The former boss of Abercrombie & Fitch has filed a lawsuit against the apparel retailer for allegedly refusing to cover his legal fees after he was accused of running a sex trafficking operation for two decades.
Mike Jeffries, the ex-chief executive who stepped down in 2014, filed a lawsuit in Delaware, stating that the company was ignoring his right to have his fees covered that he'd have to incur while defending himself against a class action suit filed in October.
David Bradberry, a former model for Abercrombie & Fitch, sued the fashion retailer alleging it allowed Mr Jeffries to run a sex-trafficking organization during his 22-year tenure.
The lawsuit was filed following a BBC investigation that found that Mr Jeffries and his British partner, Matthew Smith, allegedly exploited young adult men for sex at events hosted by them in London, New York, and Marrakesh.
The suit named Abercrombie, Mr Jeffries, Mr Smith, and Jeffries's Ohio-based company Jeffries Family Office as defendants.
It accused Mr Jeffries of exploiting his position to “ensnare” more than 100 male victims with free clothes and gift cards, and false promises about modeling opportunities, according to the Delaware complaint.
Mr Jeffries made an initial demand to the company to cover his legal fees but the request was rejected and a second plea was ignored, according to the court filings.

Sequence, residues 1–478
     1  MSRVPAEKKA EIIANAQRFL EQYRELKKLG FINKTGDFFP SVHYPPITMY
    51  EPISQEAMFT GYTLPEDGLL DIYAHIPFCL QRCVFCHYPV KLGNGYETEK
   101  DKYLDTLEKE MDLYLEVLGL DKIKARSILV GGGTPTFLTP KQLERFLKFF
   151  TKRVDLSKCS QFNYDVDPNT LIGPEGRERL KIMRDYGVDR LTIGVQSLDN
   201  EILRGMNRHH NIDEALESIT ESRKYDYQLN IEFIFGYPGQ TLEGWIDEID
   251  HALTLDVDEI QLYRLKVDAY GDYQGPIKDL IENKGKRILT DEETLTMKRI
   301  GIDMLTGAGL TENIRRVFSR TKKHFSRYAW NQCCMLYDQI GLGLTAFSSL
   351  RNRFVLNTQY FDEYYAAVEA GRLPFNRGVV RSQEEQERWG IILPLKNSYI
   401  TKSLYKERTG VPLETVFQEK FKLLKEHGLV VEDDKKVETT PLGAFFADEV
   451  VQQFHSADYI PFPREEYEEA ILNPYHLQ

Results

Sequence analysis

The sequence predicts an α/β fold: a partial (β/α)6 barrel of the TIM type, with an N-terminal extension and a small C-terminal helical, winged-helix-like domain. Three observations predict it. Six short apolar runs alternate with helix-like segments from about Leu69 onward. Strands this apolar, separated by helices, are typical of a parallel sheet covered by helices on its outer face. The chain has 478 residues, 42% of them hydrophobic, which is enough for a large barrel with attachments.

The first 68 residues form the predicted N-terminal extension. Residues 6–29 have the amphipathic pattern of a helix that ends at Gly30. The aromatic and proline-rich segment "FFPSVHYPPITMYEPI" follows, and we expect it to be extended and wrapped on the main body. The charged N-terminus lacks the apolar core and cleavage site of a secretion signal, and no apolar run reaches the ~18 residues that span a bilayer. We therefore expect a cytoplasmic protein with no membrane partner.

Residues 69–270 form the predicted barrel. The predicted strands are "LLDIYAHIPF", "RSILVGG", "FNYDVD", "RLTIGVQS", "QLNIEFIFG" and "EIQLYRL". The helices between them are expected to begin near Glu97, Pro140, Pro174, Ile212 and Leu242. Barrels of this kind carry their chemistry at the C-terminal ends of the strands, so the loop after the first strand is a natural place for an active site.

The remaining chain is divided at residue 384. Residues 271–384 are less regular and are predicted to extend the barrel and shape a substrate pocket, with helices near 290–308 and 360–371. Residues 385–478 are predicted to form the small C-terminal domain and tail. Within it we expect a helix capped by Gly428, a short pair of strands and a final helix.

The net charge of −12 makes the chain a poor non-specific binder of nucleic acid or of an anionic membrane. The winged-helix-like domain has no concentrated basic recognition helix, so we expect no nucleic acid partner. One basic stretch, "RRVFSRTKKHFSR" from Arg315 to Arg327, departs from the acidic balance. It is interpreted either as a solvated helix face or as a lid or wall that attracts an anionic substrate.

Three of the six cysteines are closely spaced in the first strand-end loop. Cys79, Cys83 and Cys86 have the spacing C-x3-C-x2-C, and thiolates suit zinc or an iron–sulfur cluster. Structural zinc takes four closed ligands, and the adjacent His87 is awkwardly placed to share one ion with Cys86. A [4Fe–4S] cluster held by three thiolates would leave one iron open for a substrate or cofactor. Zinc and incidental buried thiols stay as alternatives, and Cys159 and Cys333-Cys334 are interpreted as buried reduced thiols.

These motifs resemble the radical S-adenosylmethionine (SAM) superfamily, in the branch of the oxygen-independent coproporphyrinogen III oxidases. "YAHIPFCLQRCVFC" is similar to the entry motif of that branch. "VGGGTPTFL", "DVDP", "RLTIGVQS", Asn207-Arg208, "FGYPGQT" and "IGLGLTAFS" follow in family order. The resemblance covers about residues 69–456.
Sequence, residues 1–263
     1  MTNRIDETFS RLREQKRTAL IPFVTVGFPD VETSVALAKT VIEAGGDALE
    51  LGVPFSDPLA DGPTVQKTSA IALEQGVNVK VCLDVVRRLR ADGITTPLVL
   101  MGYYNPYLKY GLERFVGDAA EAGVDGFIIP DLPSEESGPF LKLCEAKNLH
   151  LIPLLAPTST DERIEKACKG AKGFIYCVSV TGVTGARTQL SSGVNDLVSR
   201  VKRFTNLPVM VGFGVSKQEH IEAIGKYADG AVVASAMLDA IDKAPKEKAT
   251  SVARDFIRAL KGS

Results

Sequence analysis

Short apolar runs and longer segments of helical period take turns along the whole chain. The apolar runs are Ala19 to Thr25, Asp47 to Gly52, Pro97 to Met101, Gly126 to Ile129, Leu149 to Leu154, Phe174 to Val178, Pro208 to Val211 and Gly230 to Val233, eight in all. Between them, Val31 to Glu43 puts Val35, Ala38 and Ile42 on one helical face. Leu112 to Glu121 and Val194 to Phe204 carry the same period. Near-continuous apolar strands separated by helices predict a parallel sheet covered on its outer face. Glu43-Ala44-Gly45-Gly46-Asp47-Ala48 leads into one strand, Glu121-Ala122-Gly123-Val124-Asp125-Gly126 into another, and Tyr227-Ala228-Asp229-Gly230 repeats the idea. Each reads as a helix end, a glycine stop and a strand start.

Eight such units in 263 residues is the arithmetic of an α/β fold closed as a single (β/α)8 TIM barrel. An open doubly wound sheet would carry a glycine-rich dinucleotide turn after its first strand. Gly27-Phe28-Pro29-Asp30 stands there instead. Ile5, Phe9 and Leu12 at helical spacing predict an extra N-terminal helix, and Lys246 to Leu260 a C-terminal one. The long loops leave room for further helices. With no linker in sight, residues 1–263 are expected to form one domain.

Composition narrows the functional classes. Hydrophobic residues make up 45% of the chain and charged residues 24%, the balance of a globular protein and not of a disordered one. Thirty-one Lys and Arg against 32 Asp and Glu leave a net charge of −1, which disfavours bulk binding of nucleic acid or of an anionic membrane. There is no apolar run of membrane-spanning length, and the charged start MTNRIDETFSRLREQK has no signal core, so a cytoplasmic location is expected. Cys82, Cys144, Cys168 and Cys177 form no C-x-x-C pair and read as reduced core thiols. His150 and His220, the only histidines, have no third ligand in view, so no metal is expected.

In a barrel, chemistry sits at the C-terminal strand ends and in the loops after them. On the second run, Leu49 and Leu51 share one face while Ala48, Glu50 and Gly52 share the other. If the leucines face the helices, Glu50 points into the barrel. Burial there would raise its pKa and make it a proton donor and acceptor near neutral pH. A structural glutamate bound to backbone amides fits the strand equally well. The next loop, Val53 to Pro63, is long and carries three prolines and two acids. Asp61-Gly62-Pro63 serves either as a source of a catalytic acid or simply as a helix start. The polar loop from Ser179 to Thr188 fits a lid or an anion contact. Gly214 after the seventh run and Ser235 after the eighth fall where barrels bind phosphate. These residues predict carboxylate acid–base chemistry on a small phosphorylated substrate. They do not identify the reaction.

The complaint said the company was required by contract to cover any claims against Mr Jeffries that are “based upon and arise out of his position as an officer”, which include any threatened, asserted, pending or completed claim "whether civil, criminal, administrative" or other.
According to the filings, the contract also required the brand to either reimburse or provide advance payment to Mr Jeffries at his request.
Abercrombie & Fitch in a statement in October said: "For close to a decade, a new executive leadership team and refreshed board of directors have successfully transformed our brands and culture into the values-driven organization we are today."
"We have zero tolerance for abuse, harassment or discrimination of any kind." The company said it did not comment on pending litigations.
Mr Jeffries and Mr Smith were contacted by the BBC several times by letter, email and phone over several weeks for comment on a “detailed list” of the allegations against them but did not respond. The couple could not immediately be reached by The Independent.
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